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How to pick the right car

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(Read caption) A woman wearing high heel gets out of Geely Automobile Holdings' Borui sedan during the Auto China 201 show in Beijing, China (April 26, 2016).

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With so many models on the market and new designs being introduced all the time, it’s hard to know where to start when choosing a car. It’s so confusing that many people just buy the same model again — if they liked the last one — ignoring new and better choices. Others take recommendations from friends or buy something that catches their eye with sleek design or clever advertising.

There’s a much better way to pick the right car, a practical approach that also allows room for some fun.

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Here’s an overview of the process:

  1. Figure out what you need.
  2. Set your budget.
  3. Use a car finder tool to match your needs and budget to the market.
  4. Test drive at least three cars.
  5. Review your research and make a decision.

Let’s take a closer look at each step.

Figure out what you need

Be honest now: how often do you really go to the mountains or pull a trailer or carry lumber? If you try to get something that does everything, you’ll end up buying too much car and pay dearly for your next vehicle.

In life, there are needs and wants. When picking a car, start by understanding whether you need a car. If so, move on to narrowing down what kind you need. Write out those needs on a piece of paper. If you follow the list, your needs will lead you to the right car.

If you have a big family and need room for six passengers, your choice could be a no-brainer. If you’re single and like to go off-roading on the weekend, it’ll be obvious you need a four-wheel-drive vehicle.

But maybe you’re like a large section of the population: You want a car to be a kind of Swiss Army knife that prepares you for anything. In that case, prioritize. Usually, you’ll find there’s one thing you need 80% of the time. For example, most people use their car for commuting or picking up the kids from school. Write the primary use at the top of that “needs” list and view the rest more as “wants.”

Set your budget

Unless you’ve got a pile of cash lying around, you’ll probably need to take out a car loan. It’s smart to keep your total monthly car expenses — payment, insurance, fuel, maintenance, repairs, registration — to 20% or less of your monthly take-home pay. Use a car loan calculator to find out what purchase price will provide a monthly payment that comfortably fits into your budget. Avoid the temptation to stretch the loan past 60 months (five years) just to buy a more expensive car.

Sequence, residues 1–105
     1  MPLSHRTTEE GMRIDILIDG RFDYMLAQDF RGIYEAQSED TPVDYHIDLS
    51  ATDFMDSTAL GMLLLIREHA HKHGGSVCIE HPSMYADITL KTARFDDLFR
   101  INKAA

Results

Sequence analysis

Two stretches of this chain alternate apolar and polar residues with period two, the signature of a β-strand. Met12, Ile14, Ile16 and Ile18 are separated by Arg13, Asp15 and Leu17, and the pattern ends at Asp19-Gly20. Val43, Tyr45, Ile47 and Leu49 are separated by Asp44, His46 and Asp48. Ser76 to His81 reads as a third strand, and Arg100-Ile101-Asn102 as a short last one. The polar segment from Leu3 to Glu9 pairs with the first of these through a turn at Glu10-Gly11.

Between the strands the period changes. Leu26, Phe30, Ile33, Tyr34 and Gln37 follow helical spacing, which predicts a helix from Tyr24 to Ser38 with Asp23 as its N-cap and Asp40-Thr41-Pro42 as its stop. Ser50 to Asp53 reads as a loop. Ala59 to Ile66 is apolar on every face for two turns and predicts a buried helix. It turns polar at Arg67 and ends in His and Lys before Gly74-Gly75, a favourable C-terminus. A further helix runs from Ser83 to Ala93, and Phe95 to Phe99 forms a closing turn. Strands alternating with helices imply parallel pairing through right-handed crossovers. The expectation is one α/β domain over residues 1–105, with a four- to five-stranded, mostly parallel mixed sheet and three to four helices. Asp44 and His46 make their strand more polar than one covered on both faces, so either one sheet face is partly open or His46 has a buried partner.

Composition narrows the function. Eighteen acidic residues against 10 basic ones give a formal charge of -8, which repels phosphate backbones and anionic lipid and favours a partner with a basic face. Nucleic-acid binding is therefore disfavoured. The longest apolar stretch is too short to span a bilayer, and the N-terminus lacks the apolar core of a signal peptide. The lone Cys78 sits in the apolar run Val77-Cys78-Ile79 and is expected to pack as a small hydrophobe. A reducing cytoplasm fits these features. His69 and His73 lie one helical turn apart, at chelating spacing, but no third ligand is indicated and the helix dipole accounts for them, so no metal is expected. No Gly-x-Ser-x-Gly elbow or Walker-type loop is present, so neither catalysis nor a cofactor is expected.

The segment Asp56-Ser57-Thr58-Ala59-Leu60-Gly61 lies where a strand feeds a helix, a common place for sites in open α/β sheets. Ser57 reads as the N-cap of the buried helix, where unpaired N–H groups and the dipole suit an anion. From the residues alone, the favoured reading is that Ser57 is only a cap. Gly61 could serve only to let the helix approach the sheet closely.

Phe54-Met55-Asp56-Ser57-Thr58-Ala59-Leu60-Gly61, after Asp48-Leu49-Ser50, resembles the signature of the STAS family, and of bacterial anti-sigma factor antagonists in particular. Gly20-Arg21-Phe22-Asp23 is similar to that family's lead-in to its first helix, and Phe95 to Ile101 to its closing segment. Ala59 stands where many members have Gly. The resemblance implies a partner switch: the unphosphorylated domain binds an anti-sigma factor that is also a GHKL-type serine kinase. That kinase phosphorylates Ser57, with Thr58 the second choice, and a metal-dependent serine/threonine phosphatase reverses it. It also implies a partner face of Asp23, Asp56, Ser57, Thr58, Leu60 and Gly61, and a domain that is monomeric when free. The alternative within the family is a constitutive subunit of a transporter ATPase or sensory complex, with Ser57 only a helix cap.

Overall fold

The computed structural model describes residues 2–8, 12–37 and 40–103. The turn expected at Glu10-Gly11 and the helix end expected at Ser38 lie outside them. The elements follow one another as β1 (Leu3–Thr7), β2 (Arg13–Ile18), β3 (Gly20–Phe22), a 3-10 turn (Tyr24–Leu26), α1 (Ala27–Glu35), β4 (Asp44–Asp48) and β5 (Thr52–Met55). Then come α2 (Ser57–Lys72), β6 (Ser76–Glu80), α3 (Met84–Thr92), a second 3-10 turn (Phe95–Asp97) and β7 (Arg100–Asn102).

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Use a car finder tool

Many automotive websites — such as Autotrader or Kelley Blue Book — have tools that allow you to filter your search by price, vehicle category and even options. Build a target list of five cars to research by reading reviews from automotive experts and owners.

Even if you’re firmly convinced that you know what you want, it’s important to look at competing models. The market is so crowded these days, it’s easy to overlook a model that might better suit your needs than your initial top pick. Don’t rush this part of the process, because once you get a new car, you’ll have to live with it for years.

If you have trouble comparing competing cars, you can use the Edmunds Compare Cars tool, which presents features and specs in an easy-to-view table for side-by-side comparison. Based on your research, narrow the field to three cars.

Test driving: the feel of the wheel

Car salespeople like to say, “The feel of the wheel will seal the deal.” There’s a lot of truth in this, and yet you might be hesitant to test drive your choices. It’s a hassle schlepping to a car lot and fending off eager sales staff.

Here’s an easy way to get the job done: Set aside a morning, preferably on a weekday, when car lots are empty, and call a dealership’s internet department. Tell the internet manager you want to schedule a test drive, but you won’t be buying on the spot because you’re still comparing different models. Drive your three target cars back-to-back so all your impressions are fresh in your mind.

Review your research and make a decision

After your test drives, leave the dealership. If you’re still undecided, go back to the car finder and pull in a new candidate. But if your decision is obvious, you can move on to the deal-making phase.

Whether you’re aware of it or not, your emotions and intuition will play a part in your choice. There’s nothing wrong with that — have a good time. But don’t let your feelings run away with you. Cover the practical bases first, and then open the door to the fun factor. Then you’ll have a car that you enjoy and serves your needs.

Philip Reed is a staff writer at NerdWallet, a personal finance website. Email: preed@nerdwallet.com. This article first appeared at NerdWallet.


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